I Have a Genetic Mutation and I’m Choosing Gratitude

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2020 and the first half of 2021 hasn’t been easy for most folks. I’m thankful I didn’t lose my job; however, virtual learning with one of my children took a toll on my mental health. Throw in caring for my divorced and living-alone parents (one with a newly broken leg and one with a fresh, new, cancer diagnosis) made me stretched even further.

When my father was diagnosed with cancer, it was suggested by his cancer team that he get genetic testing done to see if there is a genetic component that drove his diagnosis (which could potentially drive my future and health as well).

After the blood draw, it was 4 weeks of waiting and 4 weeks of constant questions in my head. Will my dad show positive for any genetic mutations? If he is positive, will I be positive too? If I’m positive, what does that mean for my future and the future of my daughters?

I have to say – the science behind the testing is amazing. Over 80 genes are tested for mutation and the test can focus down to the chromosome for impacts.

Unfortunately, my dad did receive a positive test result for one of the genes tested. That positive test result means that my sister and I both have a 50% chance of having inherited the same genetic mutation. If I’m positive, then both my children have a 50% chance.

I chose to get tested. Not just for me, but for my children. I feel it is my responsibility to arm my children with knowledge and I cannot do that if I do not know my results.

As luck would have it, I also tested positive for the same genetic mutation. What that means for me is this: I have an increased risk of both breast cancer and colon cancer. My colon cancer risk is increased to 10% (“normal” folks’ chances are 4% risk); my breast cancer risk is increased to 30% (“normal” women’s risk is at 13%).

Due to the doubled risk of breast cancer, I now have an established presence at a high-risk breast cancer clinic. When I hit 40, I will have to go in for mammograms yearly, and breast MRIs every 6 months. I will also have to start colonoscopies at age 40 (moved up from the new recommended age of 45).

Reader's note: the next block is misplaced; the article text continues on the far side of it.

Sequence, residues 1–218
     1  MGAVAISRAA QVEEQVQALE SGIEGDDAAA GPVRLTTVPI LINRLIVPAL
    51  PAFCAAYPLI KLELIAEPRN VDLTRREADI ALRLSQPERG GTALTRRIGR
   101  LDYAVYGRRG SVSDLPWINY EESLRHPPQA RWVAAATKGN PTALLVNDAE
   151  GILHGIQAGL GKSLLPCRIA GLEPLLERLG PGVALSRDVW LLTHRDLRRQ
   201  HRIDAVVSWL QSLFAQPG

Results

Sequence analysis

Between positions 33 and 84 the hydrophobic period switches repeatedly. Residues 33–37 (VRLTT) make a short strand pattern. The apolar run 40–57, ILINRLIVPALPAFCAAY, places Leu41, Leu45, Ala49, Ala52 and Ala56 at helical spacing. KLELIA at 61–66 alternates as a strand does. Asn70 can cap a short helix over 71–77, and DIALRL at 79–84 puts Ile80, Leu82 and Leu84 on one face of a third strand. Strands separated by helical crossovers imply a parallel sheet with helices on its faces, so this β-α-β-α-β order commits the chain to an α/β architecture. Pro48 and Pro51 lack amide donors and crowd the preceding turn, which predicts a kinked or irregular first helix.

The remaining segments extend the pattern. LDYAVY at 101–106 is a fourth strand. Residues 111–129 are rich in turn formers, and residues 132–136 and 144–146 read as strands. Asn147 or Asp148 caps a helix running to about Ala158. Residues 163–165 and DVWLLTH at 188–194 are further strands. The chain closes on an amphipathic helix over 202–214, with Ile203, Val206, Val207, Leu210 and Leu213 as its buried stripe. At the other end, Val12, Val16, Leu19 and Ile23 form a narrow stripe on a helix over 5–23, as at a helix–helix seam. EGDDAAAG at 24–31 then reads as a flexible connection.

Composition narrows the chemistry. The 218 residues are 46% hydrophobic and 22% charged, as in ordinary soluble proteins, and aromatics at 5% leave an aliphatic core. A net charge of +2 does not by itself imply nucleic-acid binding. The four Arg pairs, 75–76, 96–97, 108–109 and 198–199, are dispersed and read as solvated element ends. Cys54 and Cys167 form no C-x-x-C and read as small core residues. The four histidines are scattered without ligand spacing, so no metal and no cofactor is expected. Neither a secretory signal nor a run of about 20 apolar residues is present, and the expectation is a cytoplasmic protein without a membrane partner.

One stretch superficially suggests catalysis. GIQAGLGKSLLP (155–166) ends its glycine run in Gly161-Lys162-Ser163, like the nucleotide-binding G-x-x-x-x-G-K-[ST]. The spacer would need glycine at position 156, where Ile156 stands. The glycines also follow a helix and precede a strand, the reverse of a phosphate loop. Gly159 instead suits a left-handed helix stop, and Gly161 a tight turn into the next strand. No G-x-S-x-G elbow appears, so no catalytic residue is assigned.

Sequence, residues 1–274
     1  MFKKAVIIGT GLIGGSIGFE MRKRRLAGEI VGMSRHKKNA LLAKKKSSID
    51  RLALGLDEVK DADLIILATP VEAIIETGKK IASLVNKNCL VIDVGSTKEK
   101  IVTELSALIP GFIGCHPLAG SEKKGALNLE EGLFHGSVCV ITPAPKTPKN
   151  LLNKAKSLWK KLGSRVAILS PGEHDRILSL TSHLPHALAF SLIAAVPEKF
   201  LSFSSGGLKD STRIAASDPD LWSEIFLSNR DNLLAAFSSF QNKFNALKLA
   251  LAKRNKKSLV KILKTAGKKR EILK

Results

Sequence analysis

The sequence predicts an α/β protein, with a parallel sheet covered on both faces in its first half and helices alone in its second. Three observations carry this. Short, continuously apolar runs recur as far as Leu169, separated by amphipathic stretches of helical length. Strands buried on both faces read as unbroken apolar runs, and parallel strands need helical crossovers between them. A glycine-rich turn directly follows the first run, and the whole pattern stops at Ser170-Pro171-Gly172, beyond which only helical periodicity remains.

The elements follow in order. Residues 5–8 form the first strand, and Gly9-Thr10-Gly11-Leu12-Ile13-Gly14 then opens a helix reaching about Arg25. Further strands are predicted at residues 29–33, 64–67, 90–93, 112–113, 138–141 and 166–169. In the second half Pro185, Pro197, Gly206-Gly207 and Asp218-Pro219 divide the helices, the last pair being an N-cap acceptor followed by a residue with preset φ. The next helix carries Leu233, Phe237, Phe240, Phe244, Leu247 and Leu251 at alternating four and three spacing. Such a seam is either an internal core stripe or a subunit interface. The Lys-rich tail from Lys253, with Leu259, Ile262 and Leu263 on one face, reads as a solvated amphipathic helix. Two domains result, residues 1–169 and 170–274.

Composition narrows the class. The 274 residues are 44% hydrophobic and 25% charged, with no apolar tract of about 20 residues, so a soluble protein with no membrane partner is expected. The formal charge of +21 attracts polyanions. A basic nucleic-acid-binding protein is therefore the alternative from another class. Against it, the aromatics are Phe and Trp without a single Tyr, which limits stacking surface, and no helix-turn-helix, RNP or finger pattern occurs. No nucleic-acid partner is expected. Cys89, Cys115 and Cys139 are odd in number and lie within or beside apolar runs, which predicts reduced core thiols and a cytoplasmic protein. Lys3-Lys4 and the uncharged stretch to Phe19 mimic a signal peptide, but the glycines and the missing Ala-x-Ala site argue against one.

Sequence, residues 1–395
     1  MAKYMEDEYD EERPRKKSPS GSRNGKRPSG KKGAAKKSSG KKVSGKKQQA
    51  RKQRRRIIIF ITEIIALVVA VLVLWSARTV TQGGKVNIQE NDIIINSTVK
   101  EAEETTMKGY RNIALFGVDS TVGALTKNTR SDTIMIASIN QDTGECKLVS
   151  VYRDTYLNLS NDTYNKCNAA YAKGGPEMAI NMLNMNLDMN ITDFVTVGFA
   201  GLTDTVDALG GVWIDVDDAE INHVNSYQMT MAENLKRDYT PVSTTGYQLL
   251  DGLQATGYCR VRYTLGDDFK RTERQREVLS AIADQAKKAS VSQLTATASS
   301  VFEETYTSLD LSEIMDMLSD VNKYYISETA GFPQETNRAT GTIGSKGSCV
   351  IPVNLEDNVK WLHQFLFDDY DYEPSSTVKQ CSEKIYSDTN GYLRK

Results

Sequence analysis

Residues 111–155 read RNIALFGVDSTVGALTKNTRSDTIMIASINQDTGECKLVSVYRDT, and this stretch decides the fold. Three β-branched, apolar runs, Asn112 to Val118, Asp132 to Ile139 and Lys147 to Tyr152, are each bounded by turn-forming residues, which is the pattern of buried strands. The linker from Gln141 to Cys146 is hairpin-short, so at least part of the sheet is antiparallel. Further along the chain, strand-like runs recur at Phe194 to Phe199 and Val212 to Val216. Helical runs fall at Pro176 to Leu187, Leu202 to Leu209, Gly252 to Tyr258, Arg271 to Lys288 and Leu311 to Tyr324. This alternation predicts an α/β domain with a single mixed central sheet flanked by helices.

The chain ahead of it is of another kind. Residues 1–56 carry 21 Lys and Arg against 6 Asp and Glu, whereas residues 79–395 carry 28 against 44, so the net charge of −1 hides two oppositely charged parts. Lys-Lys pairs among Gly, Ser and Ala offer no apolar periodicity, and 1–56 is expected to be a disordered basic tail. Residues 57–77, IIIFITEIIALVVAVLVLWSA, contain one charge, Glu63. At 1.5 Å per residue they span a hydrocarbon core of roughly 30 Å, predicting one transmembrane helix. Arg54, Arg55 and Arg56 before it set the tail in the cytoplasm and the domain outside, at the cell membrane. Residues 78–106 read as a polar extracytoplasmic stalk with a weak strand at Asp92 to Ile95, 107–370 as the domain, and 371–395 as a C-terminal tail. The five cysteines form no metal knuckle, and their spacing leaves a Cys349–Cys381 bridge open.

My emotions have been all over the place after receiving this news; however, I am choosing to focus on gratitude, prevention, and early detection. Gratitude for having a window into my health that many people do not have. Had my dad not been diagnosed with cancer, I would be walking around with this increased risk and no prevention methods or monitoring plans in place.

Because of how young my children are, I can’t (and won’t until much later) tell them about this genetic mutation. Per the guidance of my genetic counselor, I should not tell my daughters’ pediatrician and the girls should not get tested until their mid-to-late 20s.

I have to admit, knowing this big boulder of info and keeping it a secret is not ideal; however, I do not want to cause unnecessary emotional strain for my children. Knowing how this test and the result affected me at 37, there is no way I would put them through that any earlier than necessary. While it’s a blessing to know this information so I can arm myself appropriately, it did make me question if I should change how I’m saving for my retirement and made me question if I’m living life the way I truly want to be. How a 20-something or younger person would handle that news versus a late 30s woman who has met many life goals already, would be totally different.

Science is amazing and so is living your life to the fullest. Maybe scientists will have cures for these cancers by the time my children are old enough to get tested; maybe not. There are no crystal balls to tell me if I’ll get diagnosed with cancer or not; so for now, I will focus on following my heart and practice being mindful, grateful, and appreciating life’s blessings.

This post is shared anonymously to protect the identity of this guest contributor and her family.

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